In an interview with The Associated Press, the parents of Tamerlan Tsarnaev insisted Sunday that he came to Dagestan and Chechnya last year to visit relatives and had nothing to do with the militants operating in the volatile part of Russia. His father said he slept much of the time.

The younger Tsarnaev could be charged any day. The most serious charge available to federal prosecutors would be the use of a weapon of mass destruction to kill people, which carries a possible death sentence. Massachusetts does not have the death penalty.

Across the rattled streets of Boston, churches opened their doors to remember the dead and ease the grief of the living.

At the Cathedral of the Holy Cross in South Boston, photographs of the three people killed in the attack and a Massachusetts Institute of Technology police officer slain Thursday were displayed on the altar, each face illuminated by a glowing white pillar candle.

"I hope we can all heal and move forward," said Kelly McKernan, who was crying as she left the service. "And obviously, the Mass Sunday was a first step for us in that direction."

A six-block segment of Boylston Street, where the bombs were detonated, remained closed Sunday. But city officials were mapping out a plan to reopen it.

Mayor Thomas Menino said Sunday that once the scene is released by the FBI, the city will follow a five-step process, including environmental testing and a safety assessment of buildings. The exact timetable was uncertain.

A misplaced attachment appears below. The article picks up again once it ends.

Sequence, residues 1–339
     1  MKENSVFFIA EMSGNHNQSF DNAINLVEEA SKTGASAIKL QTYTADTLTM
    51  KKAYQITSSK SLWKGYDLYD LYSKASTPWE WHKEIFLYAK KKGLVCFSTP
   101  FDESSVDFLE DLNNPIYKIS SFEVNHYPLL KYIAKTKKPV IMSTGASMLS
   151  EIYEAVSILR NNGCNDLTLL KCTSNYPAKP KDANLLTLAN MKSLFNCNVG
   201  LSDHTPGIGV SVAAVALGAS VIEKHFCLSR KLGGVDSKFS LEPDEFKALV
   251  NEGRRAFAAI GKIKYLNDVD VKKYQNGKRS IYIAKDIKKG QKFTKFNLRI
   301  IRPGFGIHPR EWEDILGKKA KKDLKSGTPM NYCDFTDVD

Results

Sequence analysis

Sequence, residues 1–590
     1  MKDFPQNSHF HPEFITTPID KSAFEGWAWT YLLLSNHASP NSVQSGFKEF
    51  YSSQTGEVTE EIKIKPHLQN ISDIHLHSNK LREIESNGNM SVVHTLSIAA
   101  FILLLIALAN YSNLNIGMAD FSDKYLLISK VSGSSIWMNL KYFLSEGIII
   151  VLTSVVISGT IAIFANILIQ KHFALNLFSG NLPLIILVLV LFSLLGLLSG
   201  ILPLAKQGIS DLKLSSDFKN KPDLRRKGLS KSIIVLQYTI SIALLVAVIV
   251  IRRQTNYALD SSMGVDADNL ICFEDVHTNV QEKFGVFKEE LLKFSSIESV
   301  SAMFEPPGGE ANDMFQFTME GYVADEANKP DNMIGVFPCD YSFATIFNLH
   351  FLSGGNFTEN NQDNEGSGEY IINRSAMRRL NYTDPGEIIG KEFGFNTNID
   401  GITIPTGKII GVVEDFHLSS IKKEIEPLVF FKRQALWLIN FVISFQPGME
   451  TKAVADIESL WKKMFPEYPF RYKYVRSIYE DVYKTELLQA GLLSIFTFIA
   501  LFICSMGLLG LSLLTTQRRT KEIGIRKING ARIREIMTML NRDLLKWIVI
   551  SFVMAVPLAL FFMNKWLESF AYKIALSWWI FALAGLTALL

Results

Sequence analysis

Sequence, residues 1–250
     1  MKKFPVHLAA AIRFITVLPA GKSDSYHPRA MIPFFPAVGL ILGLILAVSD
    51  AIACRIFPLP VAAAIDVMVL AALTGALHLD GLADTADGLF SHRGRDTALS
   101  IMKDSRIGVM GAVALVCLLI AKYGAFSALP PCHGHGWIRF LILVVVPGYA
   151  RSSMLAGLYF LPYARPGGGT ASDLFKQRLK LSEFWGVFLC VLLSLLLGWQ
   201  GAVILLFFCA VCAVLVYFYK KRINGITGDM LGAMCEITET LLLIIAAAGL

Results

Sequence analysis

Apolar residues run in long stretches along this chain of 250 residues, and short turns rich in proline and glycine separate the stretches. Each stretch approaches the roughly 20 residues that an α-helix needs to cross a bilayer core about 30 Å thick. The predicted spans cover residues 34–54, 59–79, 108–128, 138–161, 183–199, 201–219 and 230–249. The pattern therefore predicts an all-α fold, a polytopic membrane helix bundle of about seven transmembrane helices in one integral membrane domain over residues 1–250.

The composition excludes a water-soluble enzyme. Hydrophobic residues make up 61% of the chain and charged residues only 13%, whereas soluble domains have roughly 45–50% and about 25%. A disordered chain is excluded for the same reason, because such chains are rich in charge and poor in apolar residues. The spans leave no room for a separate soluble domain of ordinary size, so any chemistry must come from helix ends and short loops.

Boston's historic Trinity Church could not host services Sunday because it was within the crime scene, but the congregation was invited to worship at the Temple Israel synagogue instead. The FBI allowed church officials a half-hour Saturday to go inside to gather the priests' robes, the wine and bread for Sunday's service.

Trinity's Rev. Samuel T. Lloyd III offered a prayer for those who were slain "and for those who must rebuild their lives without the legs that they ran and walked on last week."

"So where is God when the terrorists do their work?" Lloyd asked. "God is there, holding us and sustaining us. God is in the pain the victims are suffering, and the healing that will go on. God is with us as we try still to build a just world, a world where there will not be terrorists doing their terrible damage."